Auto Failure Could Fuel Credit Crisis

What a bankruptcy of one of Detroit's automakers would mean for the economy has become a key point in the debate over a government bailout.
What a bankruptcy of one of Detroit's automakers would mean for the economy has become a key point in the debate over a government bailout. (By Spencer Platt -- Getty Images)
By Peter Whoriskey
Washington Post Staff Writer
Friday, November 21, 2008

With lawmakers weighing the possibility of allowing one of the nation's automakers to fail, some on Wall Street and in Detroit are arguing that the consequences of failure could reach far beyond the industry and into the broader economy.

Perhaps most critically, some analysts now say, failure would deepen the nation's credit crisis.

The risk arises in part because so many financial institutions hold bonds issued by the automakers. Moreover, an estimated $290 billion in credit-default swaps, which are contracts that function like insurance policies, have been written on that debt, according to the leading clearinghouse for such trades.

In a research note issued yesterday, J.P. Morgan Chase analyst Eric J. Selle suggested the automakers' failure would mark "Credit Crisis Part II," noting that bonds issued by General Motors, Ford and their lending companies make up about 10 percent of the high-yield bond market and that automakers represent one of the largest sectors in finance for banks.

Their troubles, Selle said, could have "magnified effects" in the credit-default swaps markets and "pose ramifications" for the ailing credit markets.

Exactly what a bankruptcy by one of Detroit's Big Three automakers would mean for the broader economy has become a key point in the dispute over whether the government should offer them a bailout.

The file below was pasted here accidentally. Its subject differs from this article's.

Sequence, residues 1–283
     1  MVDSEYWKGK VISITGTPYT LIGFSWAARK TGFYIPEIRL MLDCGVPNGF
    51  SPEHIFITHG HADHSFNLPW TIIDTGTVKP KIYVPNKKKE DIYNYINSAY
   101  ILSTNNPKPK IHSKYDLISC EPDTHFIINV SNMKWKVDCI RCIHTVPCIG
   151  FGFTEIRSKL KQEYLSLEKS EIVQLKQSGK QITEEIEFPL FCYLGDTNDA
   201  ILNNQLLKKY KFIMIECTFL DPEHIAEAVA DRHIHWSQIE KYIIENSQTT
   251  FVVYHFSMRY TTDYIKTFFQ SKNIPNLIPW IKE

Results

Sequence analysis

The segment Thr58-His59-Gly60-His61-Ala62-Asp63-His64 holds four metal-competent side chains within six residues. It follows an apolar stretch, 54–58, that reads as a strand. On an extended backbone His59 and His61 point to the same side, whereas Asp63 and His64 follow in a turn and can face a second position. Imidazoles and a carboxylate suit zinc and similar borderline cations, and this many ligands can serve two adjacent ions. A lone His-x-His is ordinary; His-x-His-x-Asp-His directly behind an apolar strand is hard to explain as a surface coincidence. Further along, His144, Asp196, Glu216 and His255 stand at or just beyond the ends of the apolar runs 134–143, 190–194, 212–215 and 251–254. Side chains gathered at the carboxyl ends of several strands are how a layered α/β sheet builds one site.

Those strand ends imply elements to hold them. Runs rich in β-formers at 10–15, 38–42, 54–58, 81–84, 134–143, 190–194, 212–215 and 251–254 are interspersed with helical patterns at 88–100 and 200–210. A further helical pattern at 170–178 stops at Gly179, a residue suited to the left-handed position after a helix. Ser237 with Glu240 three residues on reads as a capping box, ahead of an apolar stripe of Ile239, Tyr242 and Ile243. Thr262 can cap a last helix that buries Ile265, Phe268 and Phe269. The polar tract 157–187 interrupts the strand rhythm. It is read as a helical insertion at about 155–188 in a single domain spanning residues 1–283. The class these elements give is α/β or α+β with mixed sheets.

Insurance giant American International Group won government support because officials thought it posed a systemic risk to the credit markets, which undergird the entire economy. For similar reasons, the Treasury Department invested in banks because their failure would have had far-reaching effects.

Supporters of an auto bailout see parallels.

"I think the systemic risk would be dramatic across the entire economy," Chrysler chief executive Robert L. Nardelli told Congress this week. "The lenders, the financial institutions would be at total risk relative to being able to recover their investments in this industry . . . . There would be tremendous impact on the financial institutions."

According to the Depository Trust & Clearing Corp., which processes financial transactions, more than $290 billion in credit-default swaps have been written on GM, Ford or their financing arms. As circumstances have worsened, the prices of those "insurance" contracts have jumped, doubling in the past two weeks.

Some analysts have cautioned against comparing the automakers to banks or AIG.

Unlike AIG or the banks, the automakers do not write credit-default swap contracts. Moreover, analysts note, the amount of money that would change hands in the event of the automakers' failure would be far less than $290 billion because so many of the credit-default swap contracts are issued by financial institutions that also purchase them. When those are cleared, the amount falls to about $16 billion, according to DTCC figures.

Sen. Charles E. Schumer (D-N.Y.) traces at least some of the ongoing troubles to the difficulties automakers are having in issuing auto loans.

"The auto industry is not a stand-alone problem. It affects the economy writ large," he said yesterday. "The trouble with the financing arms of the automakers and the shriveling up of auto-lending has produced a lot of the tumult in the economy."

Citing such effects, Schumer's office is drafting a letter asking the Federal Reserve to set up a special facility to lend against auto loans, a move meant to ensure credit for car purchases.

© 2008 The Washington Post Company